Salvage operations are getting underway to raise the large World War II era wooden tug that sank in Gastineau Channel last September.
U.S. Coast Guard Cmdr. Patrick Hilbert, incident commander for the operation, said the sunken vessel poses a substantial threat to the environment.
A containment boom still encircles the area above the wreck, across the channel from the Juneau Yacht Club. Hilbert said a small amount of sheen — what they call unrecoverable oil product — appears at the surface every day. There could be as much as 9,500 gallons of fuel and lube oil still on board the vessel.
“It’s a very beefy tug,” Hilbert said. “That was one of the reasons why, during efforts in September and early October, when diving on the vessel and trying to remove the fuel at the time, we were not successful in getting all of the fuel off the vessel.”
After contractors Global Diving & Salvage and Southeast Alaska Lighterage finish their dive assessments planned for this week, a crane will be barged in over the wreck.
“They’ll be taking the steps to rig the vessel such that they’ll be able to refloat the vessel or dewater it close to refloating, then tow it to another area here in Juneau ultimately, then, to remove any oils or hazardous materials on board,” Hilbert said.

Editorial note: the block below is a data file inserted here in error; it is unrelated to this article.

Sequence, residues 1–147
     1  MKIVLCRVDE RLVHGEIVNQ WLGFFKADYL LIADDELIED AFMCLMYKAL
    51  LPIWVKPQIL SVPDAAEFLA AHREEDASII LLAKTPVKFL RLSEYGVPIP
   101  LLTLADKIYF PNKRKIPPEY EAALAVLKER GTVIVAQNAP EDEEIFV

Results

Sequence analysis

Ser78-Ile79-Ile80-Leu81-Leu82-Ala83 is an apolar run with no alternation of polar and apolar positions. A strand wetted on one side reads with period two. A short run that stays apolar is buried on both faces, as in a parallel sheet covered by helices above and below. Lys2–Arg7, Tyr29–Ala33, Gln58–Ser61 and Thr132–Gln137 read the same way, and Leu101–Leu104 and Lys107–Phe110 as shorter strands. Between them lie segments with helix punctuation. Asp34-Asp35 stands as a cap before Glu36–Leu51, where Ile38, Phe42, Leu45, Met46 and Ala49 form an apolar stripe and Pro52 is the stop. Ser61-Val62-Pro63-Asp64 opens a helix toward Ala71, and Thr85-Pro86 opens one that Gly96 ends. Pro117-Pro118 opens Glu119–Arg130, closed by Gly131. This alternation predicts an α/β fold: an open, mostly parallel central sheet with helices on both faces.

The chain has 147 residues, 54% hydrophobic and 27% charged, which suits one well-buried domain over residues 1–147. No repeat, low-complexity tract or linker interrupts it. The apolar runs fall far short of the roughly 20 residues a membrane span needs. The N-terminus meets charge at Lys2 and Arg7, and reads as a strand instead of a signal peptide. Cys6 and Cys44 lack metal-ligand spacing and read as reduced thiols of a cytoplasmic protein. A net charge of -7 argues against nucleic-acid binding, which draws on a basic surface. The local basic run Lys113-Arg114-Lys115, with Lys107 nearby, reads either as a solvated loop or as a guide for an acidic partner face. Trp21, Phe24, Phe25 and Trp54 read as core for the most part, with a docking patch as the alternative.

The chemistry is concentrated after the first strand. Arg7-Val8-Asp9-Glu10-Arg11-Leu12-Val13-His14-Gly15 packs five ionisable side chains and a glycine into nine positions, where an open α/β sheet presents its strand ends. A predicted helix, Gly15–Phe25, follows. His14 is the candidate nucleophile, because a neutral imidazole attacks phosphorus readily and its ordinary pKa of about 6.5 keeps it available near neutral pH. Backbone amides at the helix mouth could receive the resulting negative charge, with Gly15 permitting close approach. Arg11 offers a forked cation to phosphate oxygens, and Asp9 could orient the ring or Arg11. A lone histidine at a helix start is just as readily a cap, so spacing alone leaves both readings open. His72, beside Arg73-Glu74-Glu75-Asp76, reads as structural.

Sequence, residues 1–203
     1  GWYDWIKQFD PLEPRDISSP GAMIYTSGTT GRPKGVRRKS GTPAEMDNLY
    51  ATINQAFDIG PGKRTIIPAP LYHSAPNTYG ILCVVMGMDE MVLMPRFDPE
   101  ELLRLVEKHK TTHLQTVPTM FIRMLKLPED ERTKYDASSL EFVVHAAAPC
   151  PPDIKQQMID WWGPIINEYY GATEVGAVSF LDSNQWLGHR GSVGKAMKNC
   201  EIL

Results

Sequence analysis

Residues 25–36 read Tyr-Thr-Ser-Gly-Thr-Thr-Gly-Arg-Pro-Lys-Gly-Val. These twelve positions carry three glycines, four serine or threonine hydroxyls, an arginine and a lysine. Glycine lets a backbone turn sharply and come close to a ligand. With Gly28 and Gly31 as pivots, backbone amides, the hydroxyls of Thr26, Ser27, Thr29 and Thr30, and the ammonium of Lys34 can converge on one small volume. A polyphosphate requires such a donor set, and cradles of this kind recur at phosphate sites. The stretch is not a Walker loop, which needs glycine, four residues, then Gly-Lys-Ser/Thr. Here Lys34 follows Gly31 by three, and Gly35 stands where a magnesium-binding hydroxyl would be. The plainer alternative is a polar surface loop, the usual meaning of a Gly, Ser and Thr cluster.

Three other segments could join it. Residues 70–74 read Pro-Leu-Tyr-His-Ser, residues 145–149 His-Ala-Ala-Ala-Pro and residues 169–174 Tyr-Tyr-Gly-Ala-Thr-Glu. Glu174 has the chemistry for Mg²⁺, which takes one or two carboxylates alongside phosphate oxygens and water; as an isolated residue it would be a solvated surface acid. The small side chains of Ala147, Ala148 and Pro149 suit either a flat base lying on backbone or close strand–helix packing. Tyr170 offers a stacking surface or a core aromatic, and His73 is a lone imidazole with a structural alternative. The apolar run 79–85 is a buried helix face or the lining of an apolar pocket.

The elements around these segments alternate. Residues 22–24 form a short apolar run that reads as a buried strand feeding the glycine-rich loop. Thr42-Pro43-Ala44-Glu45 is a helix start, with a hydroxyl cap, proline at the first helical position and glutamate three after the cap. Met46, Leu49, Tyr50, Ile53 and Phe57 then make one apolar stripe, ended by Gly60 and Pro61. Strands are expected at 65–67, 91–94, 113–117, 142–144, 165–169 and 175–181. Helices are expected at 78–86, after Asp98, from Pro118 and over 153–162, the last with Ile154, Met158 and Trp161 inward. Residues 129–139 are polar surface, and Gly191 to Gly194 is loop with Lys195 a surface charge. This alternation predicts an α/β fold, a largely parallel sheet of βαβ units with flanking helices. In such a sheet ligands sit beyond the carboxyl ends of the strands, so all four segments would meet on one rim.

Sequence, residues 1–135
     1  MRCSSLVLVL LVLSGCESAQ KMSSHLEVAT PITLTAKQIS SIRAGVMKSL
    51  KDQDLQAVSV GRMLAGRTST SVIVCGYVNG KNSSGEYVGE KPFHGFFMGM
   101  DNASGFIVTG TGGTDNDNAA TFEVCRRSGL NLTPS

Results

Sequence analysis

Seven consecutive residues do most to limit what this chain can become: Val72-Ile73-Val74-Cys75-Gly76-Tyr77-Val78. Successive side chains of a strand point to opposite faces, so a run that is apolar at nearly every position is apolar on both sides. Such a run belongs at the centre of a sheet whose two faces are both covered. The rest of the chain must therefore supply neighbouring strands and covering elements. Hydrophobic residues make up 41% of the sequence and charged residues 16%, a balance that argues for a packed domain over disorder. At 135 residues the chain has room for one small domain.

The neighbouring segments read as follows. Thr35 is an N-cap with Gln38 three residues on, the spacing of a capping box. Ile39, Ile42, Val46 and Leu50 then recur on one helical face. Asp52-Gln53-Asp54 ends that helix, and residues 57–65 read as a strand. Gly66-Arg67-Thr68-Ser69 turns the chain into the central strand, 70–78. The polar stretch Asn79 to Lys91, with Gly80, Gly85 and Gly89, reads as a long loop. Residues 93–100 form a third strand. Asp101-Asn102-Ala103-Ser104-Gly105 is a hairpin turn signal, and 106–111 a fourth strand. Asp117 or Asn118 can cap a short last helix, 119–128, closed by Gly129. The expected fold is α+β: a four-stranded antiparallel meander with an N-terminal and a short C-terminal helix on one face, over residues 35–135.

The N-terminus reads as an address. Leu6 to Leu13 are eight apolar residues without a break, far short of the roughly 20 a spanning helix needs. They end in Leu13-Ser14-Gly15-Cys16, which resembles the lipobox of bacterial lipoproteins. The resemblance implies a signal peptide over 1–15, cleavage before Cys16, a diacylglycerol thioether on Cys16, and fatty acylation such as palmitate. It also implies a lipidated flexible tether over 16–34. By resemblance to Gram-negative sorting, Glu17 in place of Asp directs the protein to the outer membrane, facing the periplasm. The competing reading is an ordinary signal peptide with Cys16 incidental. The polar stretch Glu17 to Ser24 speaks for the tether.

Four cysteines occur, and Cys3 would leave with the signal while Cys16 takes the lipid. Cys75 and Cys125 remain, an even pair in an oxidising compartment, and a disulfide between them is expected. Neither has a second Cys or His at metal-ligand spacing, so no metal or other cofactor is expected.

Hilbert hopes to have the vessel raised and dismantled within two months. Any wood contaminated with fuel oil will be disposed according to hazardous materials procedures.
The $900,000 operation will be covered by the national Oil Spill Liability Trust Fund. Authorized by the Oil Pollution Act following the 1989 Exxon Valdez oil spill, the fund is largely maintained with an 8 cent per barrel tax on oil imports. Hilbert said Capt. Shannon Greene, commanding officer for Coast Guard Sector Juneau, started working on a plan to tap the fund since the Challenger sank in September. Coast Guard Commandant Paul Zukunft, approved Greene’s plan in mid-January.
Hilbert said federal authorities will seek reimbursement from the owner.
The Juneau Police Department has loaned their mobile incident command center for Coast Guard personnel to monitor the salvage operation from the Yacht Club parking lot.
Hilbert said they’ll have a marine mammal specialist on site at all times to monitor potential impacts to local species, and they’ll place a deflection boom to protect the Douglas Island Pink and Chum facility in case of an unplanned discharge.
For now, traffic in Gastineau Channel will not be restricted, but Hilbert said they will likely establish a no-wake zone during the actual salvage operation.
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